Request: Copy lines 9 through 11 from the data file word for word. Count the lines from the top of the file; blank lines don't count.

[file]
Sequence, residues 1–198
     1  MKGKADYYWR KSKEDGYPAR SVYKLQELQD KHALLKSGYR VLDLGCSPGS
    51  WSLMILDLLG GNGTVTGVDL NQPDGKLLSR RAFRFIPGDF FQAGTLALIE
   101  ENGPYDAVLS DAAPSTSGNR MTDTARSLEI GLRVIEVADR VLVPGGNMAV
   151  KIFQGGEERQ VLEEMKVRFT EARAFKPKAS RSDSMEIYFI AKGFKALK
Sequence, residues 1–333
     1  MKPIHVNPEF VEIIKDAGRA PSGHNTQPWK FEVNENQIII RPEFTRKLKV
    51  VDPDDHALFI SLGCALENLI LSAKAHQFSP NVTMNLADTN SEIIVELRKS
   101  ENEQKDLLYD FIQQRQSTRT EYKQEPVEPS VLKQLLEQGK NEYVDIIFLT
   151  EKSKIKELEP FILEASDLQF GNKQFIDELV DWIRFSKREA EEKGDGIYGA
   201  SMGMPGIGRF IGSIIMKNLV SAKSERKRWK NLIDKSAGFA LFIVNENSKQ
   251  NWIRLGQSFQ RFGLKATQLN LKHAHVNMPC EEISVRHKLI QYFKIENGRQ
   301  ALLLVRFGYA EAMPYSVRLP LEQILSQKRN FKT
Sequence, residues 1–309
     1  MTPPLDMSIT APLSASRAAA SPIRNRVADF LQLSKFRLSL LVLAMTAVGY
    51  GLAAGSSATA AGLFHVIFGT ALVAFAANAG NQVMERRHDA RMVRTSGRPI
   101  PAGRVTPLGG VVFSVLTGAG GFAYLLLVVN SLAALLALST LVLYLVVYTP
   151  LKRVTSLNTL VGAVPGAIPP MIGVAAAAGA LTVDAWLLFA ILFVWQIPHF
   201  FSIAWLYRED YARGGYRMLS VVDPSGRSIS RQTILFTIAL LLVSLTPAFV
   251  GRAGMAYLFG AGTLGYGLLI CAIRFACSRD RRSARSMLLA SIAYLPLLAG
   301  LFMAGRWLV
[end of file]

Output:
   101  ENEQKDLLYD FIQQRQSTRT EYKQEPVEPS VLKQLLEQGK NEYVDIIFLT
   151  EKSKIKELEP FILEASDLQF GNKQFIDELV DWIRFSKREA EEKGDGIYGA
   201  SMGMPGIGRF IGSIIMKNLV SAKSERKRWK NLIDKSAGFA LFIVNENSKQ